With the objective of taking art to the general public, DAG proactively reaches out to diverse audiences, offering them engaging and meaningful ways of understanding and experiencing art showcased in its exhibitions. The pleasure of visual aesthetics apart, art also fosters dialogue and engagement on important issues, be they social, political or historical. And, as such, the art space—gallery or museum—becomes a vital platform.
To facilitate such discursive engagement, DAG plans and organizes exhibition-based activities ranging from curated walks, seminars and conferences, workshops for children and young adults as well as tactile/sensory experiences for the visually impaired. Such insightful interfaces initiate an appreciation of, and a continuous dialogue with, art.
Museums make art accessible to diverse audiences, and at a time when we are needed to stay safe at home, this role has become even more important. DAG has launched a series of curated virtual viewing rooms and walkthroughs, enabling people to explore its rich and varied collections from home.
These capsule collections reinterpret the art works through the lens of contemporary concerns and introduce audiences to the creative practices of artists that they can incorporate in their everyday lives.
Since its inception Drishyakala (by DAG in collaboration with ASI) has been focused on creating an inclusive space for all our visitors. The museum includes The Learning Lab, a children’s activity area across two corridors of the museum; as well as three tactile galleries for the visually impaired, featuring a total of thirty tactile artwork reproductions with Hindi and English braille captions.
Apart from the dedicated tactile and activity areas, Drishyakala has developed a museum programme that includes curated engagements, activities and workshops. At Drishyakala we have forged collaborative partnerships with various cultural organizations like INTACH, Sahapedia and The Heritage Lab. Along with these engagements, we have organized and facilitated museum tours for schools, colleges and NGOs, such as CRY, Magic Bus, Saksham Trust and National Association for the Blind, and many more.
To explore Drishyakala, write to us at: email@example.com
Schools serve many functions in our society beyond transmitting academic knowledge and skills – they play an important role in spreading cultural values, of which art is a fundamental aspect and therefore DAG encourages school participation in its programming through the year.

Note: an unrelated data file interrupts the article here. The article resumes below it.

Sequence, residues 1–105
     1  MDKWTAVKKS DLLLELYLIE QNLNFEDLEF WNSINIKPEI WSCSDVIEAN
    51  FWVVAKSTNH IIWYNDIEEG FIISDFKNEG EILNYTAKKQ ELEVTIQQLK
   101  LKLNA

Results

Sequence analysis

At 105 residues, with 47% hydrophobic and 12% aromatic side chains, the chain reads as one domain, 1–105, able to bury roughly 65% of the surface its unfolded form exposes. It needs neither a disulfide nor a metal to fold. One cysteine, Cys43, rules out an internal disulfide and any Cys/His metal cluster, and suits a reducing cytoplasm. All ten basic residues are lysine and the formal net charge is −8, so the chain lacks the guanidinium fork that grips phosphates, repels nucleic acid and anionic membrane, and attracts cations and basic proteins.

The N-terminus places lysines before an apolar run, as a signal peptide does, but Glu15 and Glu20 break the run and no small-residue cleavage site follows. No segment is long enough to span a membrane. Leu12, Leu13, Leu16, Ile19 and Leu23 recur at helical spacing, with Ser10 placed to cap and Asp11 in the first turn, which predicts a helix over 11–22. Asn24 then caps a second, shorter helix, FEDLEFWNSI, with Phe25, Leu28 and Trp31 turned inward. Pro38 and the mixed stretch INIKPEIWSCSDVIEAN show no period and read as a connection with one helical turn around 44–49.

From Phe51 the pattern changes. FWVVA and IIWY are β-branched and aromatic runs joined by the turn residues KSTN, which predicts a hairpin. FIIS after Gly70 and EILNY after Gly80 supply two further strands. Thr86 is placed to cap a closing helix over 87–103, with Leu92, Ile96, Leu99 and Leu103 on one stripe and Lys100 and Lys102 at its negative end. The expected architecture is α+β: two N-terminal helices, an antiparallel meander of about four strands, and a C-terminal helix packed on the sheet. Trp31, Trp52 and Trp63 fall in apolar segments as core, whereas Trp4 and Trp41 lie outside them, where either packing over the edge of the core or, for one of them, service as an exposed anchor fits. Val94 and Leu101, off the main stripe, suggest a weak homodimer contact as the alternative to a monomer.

Each exhibition offers a takeaway experience for the students through different channels like educational tours of the exhibition, chat sessions, workshops and theme-based activities. These are customised according to the learning pace of different age groups, ranging from nursery and primary levels to secondary and high school. Such sessions not only provide knowledge of modern Indian art, but also enable social interactions, team-building, life skills and personal expressions on different subjects. Involvements such as these go a long way in moulding the future generations of our society.
To know more and request a workshop for your students or schools please email: firstname.lastname@example.org
To promote an appreciation of art, DAG organises curated walks for different corporate establishment, institutions and expat groups. These walkthroughs of the exhibitions in the gallery space are tailored as per the requirement of the group depending on their profession or an interest in a theme, genre etc.
Such specific sessions provide a range of perspectives from the multidisciplinary narratives of Indian modern art. In addition, they offer exceptional opportunities to interact with some of the most well-known names amongst artists, scholars and critics.
To know more and request for a curated walk of the current exhibition please email:
DAG is a pioneer in organising an innovative interpretation programme for people with special needs, particularly the visually impaired.
Since the needs of the specially-abled are largely overlooked in public spaces, the aim of this programme is to overcome these physical and mental barriers and make exhibitions all-inclusive. Through this project, we facilitate a walk and talk for the visually impaired students from blind schools using tactile aids of a few selected artworks from the exhibition on display. The objective is to enable an understanding of art by involving more than one sense. A book in braille, providing information on the show, is also made available.